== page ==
The adage “You don’t know what you’ve got until it’s gone” holds especially true for your mobility. When we walk, jump, bend, and run, we’re often not appreciative of the ability to perform these movements. But when our movement becomes limited, whether from years of wear and tear, sudden injury, or the effects of a specific health condition, we become instantly aware of what we once had.
Dr. Struan Coleman has made it his life’s work to restore his patients’ mobility through many means. He’s treated tennis, golf, and baseball pros, and knows his way around orthopedic injuries and cutting-edge surgical procedures, but he’s also a consistent partner in your care, no matter what issue you’re facing, including rotator cuff injuries.
What is the rotator cuff?
Composed of four tendons and muscles, the rotator cuff protects your shoulder and keeps the upper rounded part of your arm bone — the humerus — stably placed in your shoulder socket.
When a problem develops, it can be nearly impossible to do simple things like wash your hair or take off your jacket.
Rotator cuff injuries abound
Rotator cuff tendons don’t have much room to move. If they collide with the hard knob above them (the acromion) or a ligament toward the front of your shoulder, inflammation can develop and lead to impingement syndrome, which causes the most common rotator cuff injuries, including:
- Rotator cuff tears
- Rotator cuff tendinitis
- Bursitis in the shoulder
Rotator cuff injuries lead to 2 million doctor’s office visits annually, and the most common ones we see are tears. These are most often due to wear and tear from overuse as a result of work, sports, aging, a fall, or just an awkward movement.
Tendinitis develops when you play sports that require you to lift your arm over your head a lot, like tennis and baseball, but even keeping your shoulder still for lengthy periods or sleeping on it repeatedly can cause this problem.
Bursitis affects the bursa, the sac filled with fluid that usually keeps your rotator cuff well-lubricated.
Each of these conditions causes distinct symptoms, yet some also overlap. Become familiar with them so you and Dr. Coleman can treat it most effectively.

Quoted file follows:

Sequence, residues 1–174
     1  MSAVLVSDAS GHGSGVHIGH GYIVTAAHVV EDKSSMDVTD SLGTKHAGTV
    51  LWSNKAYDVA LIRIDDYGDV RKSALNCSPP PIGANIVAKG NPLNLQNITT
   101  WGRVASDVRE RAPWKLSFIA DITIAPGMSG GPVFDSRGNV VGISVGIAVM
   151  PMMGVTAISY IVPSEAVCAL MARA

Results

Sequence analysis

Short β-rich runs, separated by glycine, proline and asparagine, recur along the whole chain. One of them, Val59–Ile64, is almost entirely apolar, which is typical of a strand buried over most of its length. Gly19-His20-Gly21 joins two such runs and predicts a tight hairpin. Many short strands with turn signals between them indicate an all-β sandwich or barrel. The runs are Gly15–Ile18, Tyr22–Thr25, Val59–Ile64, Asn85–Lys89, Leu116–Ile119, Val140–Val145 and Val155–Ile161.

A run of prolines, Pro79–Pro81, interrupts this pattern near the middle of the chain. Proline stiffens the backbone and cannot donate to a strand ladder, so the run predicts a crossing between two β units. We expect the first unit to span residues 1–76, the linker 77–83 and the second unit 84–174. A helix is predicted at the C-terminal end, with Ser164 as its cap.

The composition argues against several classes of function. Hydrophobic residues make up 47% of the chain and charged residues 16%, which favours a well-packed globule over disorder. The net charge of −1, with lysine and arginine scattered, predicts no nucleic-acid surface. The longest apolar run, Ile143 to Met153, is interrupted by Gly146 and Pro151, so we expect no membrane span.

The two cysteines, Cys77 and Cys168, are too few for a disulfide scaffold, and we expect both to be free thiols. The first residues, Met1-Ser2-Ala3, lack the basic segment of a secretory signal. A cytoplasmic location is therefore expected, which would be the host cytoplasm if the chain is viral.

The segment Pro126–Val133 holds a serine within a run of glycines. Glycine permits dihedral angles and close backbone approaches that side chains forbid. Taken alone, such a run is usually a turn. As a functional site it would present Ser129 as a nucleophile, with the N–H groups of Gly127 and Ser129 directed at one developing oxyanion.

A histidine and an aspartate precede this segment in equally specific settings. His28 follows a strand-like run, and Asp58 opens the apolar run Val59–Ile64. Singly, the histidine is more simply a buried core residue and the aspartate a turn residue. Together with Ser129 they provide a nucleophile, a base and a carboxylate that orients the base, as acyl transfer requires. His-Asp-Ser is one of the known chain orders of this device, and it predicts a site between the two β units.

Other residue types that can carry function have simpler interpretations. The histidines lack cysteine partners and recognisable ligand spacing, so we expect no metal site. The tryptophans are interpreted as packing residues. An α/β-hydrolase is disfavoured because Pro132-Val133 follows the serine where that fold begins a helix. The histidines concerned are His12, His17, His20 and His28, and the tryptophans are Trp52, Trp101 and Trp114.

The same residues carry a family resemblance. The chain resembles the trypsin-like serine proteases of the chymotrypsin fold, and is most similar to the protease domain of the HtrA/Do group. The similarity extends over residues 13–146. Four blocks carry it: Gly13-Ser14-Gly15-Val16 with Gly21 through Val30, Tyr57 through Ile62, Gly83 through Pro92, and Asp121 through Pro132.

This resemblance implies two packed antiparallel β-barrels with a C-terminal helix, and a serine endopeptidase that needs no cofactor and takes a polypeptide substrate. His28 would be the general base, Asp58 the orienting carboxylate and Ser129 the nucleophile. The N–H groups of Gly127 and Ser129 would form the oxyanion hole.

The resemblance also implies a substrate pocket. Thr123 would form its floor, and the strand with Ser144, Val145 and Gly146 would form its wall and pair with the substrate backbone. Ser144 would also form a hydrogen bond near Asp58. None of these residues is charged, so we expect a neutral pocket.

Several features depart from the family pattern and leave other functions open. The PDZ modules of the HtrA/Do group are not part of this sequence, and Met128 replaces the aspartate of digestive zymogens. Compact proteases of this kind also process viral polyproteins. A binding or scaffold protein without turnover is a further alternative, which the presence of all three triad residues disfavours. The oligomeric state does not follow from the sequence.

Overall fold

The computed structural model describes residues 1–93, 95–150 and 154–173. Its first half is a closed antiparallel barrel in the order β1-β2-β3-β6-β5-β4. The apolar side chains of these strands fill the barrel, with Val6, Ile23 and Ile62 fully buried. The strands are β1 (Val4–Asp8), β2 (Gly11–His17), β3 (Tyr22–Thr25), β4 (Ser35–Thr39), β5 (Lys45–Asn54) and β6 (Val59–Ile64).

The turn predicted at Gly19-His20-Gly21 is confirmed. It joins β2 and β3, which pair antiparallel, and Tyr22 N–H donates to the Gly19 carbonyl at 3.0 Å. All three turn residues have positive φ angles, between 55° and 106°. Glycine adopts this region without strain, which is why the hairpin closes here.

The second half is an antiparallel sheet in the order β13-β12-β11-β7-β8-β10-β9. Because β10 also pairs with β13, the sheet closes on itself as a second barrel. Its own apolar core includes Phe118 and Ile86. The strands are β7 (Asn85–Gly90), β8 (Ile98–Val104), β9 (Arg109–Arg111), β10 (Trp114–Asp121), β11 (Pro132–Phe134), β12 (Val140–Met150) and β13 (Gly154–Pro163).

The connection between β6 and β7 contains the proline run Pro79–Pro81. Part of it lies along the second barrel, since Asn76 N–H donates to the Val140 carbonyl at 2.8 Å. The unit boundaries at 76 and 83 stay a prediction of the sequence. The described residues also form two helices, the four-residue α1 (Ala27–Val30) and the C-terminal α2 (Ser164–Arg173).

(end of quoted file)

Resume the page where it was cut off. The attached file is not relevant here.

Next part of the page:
How do I know if I’ve injured my rotator cuff?
Interestingly, it’s not just pain or limited mobility that point to rotator cuff problems.
With a torn rotator cuff, you usually experience a dull pain, and mobility limitations might make even scratching your back seem like a Herculean task.
Another sign is noticeable weakness in your shoulder, so in addition to having trouble raising your arm, if you do manage to grasp something above you, a tear might make it so that you won’t have the strength to hold the weight of the object you’re reaching for.
With tendinitis, it may be painful to both raise and lower your arm, and you might notice that the side of your arm and the front of your shoulder specifically are swollen. Stiffness can also occur, in addition to weakness and limited movement.
Finally, shoulder bursitis causes pain on the outer or upper portion of your shoulder and makes it hard to lie on your shoulder in bed. You might also experience more severe pain when lifting your arm to the side or if you try to make a circle with it. Tenderness when you press on the top of your shoulder is another sign of injury.
Unfortunately, these problems can cause pain that can wake you from a peaceful sleep, too.
What are my treatment options if I’ve injured my rotator cuff?
Dr. Coleman and our able and caring team offer safe, effective treatments for your rotator cuff injury, no matter how severe it is or how long you’ve had pain and movement limitations.
Dr. Coleman offers solutions for rotator cuff injuries if other treatments are unsuccessful. He’s highly skilled at performing a minimally invasive surgical rotator cuff repair procedure. Minimally invasive surgery offers these benefits over traditional surgery:
- Smaller incisions
- Advanced surgical tools, like the arthroscope, a state-of-the-art fiber-optic camera
- Less bleeding and scarring
- Faster recovery
- The ability to both diagnose and repair damage in one procedure
The very successful arthroscopy procedure allows Dr. Coleman to remove troubling tendon and bursa pieces, and excess bone. He can also repair rotator cuff tears. Even better, this is an outpatient procedure, and Dr. Coleman gives you complete post-surgery instructions on aftercare and the recovery process.
If shoulder degeneration has caused you to need shoulder replacement, where Dr. Coleman exchanges badly damaged shoulder components with sophisticated substitutes made from plastic and metal, he can do that, too.
If damage to your rotator cuff has made movement so difficult that it’s affecting your quality of life, call the office most convenient to you to schedule a consultation, or connect with us through our website.